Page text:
The government is looking at ways to modernise the MOT. Some people have been calling for changes to the MOT test; due to the increase in use of electric and automated vehicles.

changes to the mot There have also been calls to find ways to better monitor the particulate emissions from diesel vehicles.

In a report published on 25th January however, there are no immediate plans to make changes to the MOT test.

The MOT (Ministry of Transport Test) was first introduced in 1960. The Ministry considered it appropriate to check all vehicles for basic safety issues, ten years after their first registration. Seven years later however, they changed the rules. From that point on, all cars were required to be tested three years after first registration; in addition to the follow up test each year. Although many of the rules have changed since then, the period of testing has not.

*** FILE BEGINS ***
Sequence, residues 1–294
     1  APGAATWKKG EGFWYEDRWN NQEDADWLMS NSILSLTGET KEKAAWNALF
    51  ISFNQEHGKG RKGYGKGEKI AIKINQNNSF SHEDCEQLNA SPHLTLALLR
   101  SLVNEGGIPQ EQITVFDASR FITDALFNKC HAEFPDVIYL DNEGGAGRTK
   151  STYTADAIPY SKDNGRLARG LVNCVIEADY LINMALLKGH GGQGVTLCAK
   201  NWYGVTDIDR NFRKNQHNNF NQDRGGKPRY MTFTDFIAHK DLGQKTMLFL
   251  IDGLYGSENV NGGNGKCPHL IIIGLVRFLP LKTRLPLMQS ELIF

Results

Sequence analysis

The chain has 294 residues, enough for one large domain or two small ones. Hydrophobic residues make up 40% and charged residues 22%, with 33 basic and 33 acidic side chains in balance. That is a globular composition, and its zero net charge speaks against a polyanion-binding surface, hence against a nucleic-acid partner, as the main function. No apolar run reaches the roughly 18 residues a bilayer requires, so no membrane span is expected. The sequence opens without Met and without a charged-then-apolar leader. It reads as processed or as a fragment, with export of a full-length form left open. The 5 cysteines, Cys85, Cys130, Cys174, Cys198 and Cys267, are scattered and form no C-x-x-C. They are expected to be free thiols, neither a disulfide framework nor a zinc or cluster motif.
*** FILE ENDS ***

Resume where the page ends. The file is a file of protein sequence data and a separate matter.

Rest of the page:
The governments consultation, launched in 2023, sought the views of interested parties to consider:

  • Advances in vehicle technology
  • Tackling vehicle emissions
  • That road-worthiness checks continued to be effective
  • Balancing these factors with the cost to motorists

Studies suggest that MOTs can actually save motorists money in the long term. Faults which the test reveals, drivers have the opportunity to repair them before they develop into something more serious.

Here is a quote from Roads Minister, Guy Opperman:

“We have listened to drivers and industry. Keeping MOTs in their current form, shows once again that we are on the side of motorists.”

“By offering clarity on MOT tests; alongside our recent street works consultation and unprecedented £8.3 billion to resurface roads; and we are helping motorists drive with peace of mind. Ensuring Britain’s roads continue to be some of the safest in the world.”

We wait with baited breath to drive on those wonderfully smooth roads that Mr Opperman is promising us!

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